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The Keystone Perforator Island Flap in Head and Neck Reconstruction: Indications and Outcomes from 200 Flaps

Findlay, Michael W. MBBS, PhD; Sinha, Shiba MBBS, BSc; Rotman, Anthony MBBS; Ting, Jeannette MBBS; Fairbank, Sian MBBS; Wu, Terry MBBS; Donahoe, Simon MBBS; Wilson, Jeremy MBBS; Behan, Felix C. MBBS

Plastic and Reconstructive Surgery: October 2013 - Volume 132 - Issue 4S-1 - p 8–9
doi: 10.1097/01.prs.0000435869.62118.e9
Saturday, October 12, 2013
Best Abstract

DISCLOSURES: Doctors Findlay and Behan have co-authored a textbook on the Keystone flap: “The Keystone Perforator Island Flap Concept.” Published through Elsevier (Reference 3).

INTRODUCTION: Worldwide, populations are aging. Survival in head and neck cancer is improving, increasing the incidence of additional or recurrent tumors and re-operative head and neck surgery, especially in Australia. The expense of free tissue transfer in time, resources and money is emphasizing the need for simpler complementary reconstructions in the majority of cases, such as locoregional flaps based on Keystone Island Flap Principles. Rigorous outcomes assessment of Keystone and related flaps in head and neck reconstruction has been lacking with the absence of any large series within the literature to date.1–4

METHODS: We undertook a retrospective review of 200 Keystone and related locoregional island flaps for fasciocutaneous head and neck reconstruction at the Peter MacCallum Cancer Centre and The Western Hospital between February 2006 and May 2012. Only cases with defect sizes over 4cm2 and with complete datasets, were included in the analysis.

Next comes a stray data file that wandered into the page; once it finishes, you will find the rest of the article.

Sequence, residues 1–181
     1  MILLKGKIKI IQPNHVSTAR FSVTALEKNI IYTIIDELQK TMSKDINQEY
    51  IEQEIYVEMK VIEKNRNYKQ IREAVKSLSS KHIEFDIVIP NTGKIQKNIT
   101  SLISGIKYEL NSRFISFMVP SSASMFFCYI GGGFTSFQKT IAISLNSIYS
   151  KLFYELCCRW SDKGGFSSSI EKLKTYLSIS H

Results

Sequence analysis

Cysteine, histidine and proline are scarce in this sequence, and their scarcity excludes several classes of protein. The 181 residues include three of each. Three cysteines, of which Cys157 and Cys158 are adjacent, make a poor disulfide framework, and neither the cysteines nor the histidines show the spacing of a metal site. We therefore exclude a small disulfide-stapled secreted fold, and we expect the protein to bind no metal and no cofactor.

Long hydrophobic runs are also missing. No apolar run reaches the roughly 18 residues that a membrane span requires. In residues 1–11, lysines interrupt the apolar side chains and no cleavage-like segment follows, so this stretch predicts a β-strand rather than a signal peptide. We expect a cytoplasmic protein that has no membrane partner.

RESULTS: 200 flaps were performed in 195 patients (164 male, 32 female). Median patient age was 76 (range 19-98 years) with an average of 2 comorbidities each (+/- 1.45, SD). Squamous cell carcinoma (100), melanoma (45) and basal cell carcinoma (34) were the most common tumour defects reconstructed with a mixture of other less common tumours. The median defect size reconstructed was 22.5cm2

CONCLUSION: Keystone island flaps provide effective fasciocutaneous reconstruction in the head and neck. The have comparable or lower morbidity than other reconstructive options (Table 1) within the published literature, making them a useful technique for our aging populations. Their preservation of reconstructive lifeboats for tumor recurrence is ideal.

Table 1

Table 1

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1. Behan FC, Lo CH, Sizeland A, et al. Keystone island flap reconstruction of parotid defects. Plast Reconstr Surg. 2012;130:36e–41e
2. Behan FC, Rozen WM, Wilson J, et al. The cervico–submental keystone island flap for locoregional head and neck reconstruction. J Plast Reconstr Aesthet Surg. 2013;66:23–28
3. Behan F, Findlay MW, Lo CH. The Keystone Perforator Island Flap Concept: Sydney, Elsevier Australia, 2012.
    4. Behan F, Sizeland A, Gilmour F, et al. Use of the keystone island flap for advanced head and neck cancer in the elderly – a principle of amelioration J Plast Reconstr Aesthet Surg. 2009
      5. Wei FC, Jain V, Celik N, et al. Have we found an ideal soft–tissue flap? An experience with 672 anterolateral thigh flaps Plast Reconstr Surg. 2002;109:2219–2226 discussion 2227–2230
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